Statement by Vassily Nebenzia, Permanent Representative of Russia to the UN, at the VTC of UNSC members “Climate and Security”
We thank Mr.Jenča, Colonel Seydou Magagi, and Ms. Pasisi for their briefings.
We agree that security and stability in individual countries and regions may be affected by adverse impacts of climate change as one of the multiple factors.
But the root causes of conflicts are much more complex where climate change may be one of the factors, country or region specific. We strongly disagree that climate is a generic security issue.
Creating climate-change-related mandates for the Security Council and relevant instructions to peacekeepers would have a number of harmful consequences. First, it will result in diverting time and resources from addressing the root causes of conflicts. Second, the division of labour between main UN organs in line with its Charter would be violated. Third, dubious and vague interpretation of risk factors could only lead to false conclusions and, as a result, failure to provide effective solutions. There is no conclusive, universally recognized and scientifically substantiated evidence that climate change has an impact on armed conflicts. In this respect, we find it inappropriate to involve political experts in drawing conclusions related to essentially scientific domain.
Climate change itself is, indeed, one of the greatest challenges of our time. Collective efforts to reduce greenhouse gas emissions and to ensure effective adaptation measures are part of the achievement of sustainable development in its three dimensions – economic, social and environmental. This has been confirmed by major international documents on the subject, including the 2030 Agenda for Sustainable Development. Our task is to scale up specific practical actions in line with intergovernmentally-agreed instruments. In the case of climate change – it is the UNFCCC and the Paris Agreement.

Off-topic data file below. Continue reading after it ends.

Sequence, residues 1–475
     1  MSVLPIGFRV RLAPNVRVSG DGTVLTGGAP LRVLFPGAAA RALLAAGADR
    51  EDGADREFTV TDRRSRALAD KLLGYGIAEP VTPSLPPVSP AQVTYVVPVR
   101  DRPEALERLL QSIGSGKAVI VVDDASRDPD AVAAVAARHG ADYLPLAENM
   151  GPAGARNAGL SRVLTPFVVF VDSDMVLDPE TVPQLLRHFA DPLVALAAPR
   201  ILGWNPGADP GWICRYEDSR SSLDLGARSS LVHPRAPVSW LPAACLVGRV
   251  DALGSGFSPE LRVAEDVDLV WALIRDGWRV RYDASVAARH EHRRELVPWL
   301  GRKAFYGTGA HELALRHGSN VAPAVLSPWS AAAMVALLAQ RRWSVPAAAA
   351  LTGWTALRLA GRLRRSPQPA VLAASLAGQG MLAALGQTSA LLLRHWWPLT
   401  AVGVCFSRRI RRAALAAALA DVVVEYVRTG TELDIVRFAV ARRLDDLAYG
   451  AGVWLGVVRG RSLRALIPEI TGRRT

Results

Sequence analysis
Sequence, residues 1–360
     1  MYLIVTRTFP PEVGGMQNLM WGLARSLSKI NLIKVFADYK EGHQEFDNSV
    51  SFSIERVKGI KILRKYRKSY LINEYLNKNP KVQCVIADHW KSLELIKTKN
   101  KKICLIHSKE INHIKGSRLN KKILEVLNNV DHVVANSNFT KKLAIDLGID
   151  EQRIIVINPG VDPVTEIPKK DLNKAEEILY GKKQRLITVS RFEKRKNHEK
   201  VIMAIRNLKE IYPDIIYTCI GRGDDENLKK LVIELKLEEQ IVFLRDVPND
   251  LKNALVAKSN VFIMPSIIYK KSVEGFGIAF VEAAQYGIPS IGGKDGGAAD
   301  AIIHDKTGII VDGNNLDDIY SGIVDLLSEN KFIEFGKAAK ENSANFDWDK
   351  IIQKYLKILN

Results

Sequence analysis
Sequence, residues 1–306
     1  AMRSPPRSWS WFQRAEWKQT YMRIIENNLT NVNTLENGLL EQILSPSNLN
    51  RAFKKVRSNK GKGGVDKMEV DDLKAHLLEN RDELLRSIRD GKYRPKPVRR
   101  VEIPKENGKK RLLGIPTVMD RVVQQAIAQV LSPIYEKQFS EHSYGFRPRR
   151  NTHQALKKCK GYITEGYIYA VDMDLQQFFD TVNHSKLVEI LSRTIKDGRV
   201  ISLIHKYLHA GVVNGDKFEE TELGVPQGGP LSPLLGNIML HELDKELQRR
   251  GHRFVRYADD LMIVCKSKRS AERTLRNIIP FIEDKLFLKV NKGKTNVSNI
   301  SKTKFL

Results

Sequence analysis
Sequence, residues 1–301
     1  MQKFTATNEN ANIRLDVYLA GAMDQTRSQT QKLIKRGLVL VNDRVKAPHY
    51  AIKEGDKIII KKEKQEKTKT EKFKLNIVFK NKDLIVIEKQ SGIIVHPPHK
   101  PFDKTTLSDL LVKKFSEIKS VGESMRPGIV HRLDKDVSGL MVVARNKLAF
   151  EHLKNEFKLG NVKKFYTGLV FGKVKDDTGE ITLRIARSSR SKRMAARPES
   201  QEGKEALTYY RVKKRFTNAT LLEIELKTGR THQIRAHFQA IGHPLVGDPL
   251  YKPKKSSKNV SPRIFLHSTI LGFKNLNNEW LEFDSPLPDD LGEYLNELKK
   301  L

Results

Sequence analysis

This is why we are concerned about continuous efforts to use the Security Council to steer the discussion on climate change away from its adverse impacts on development. At the end of the day, it will be detrimental to those most vulnerable, in particular the least developed countries, landlocked developing countries and small island developing States and countries suffering due to unilateral coercive measures who are experiencing even bigger problems as a result of the global COVID-19 pandemic. It seems to us that some donor countries are trying to pull out this “security card” to cover up their lack of action to scale up climate financing and technology exchange in line with their previous commitments and render sufficient practical assistance to those who need it here and now.
As for practical input of the UN system to addressing climate-related challenges – it is the UN Development System at large and the Resident Coordinators in particular who play a critical role in coordinating development efforts on the ground, including climate projects that may contribute to greater stability in addition to their specific objectives.
So we should not “reinvent the wheel” but simply leave climate expertise within this expert domain.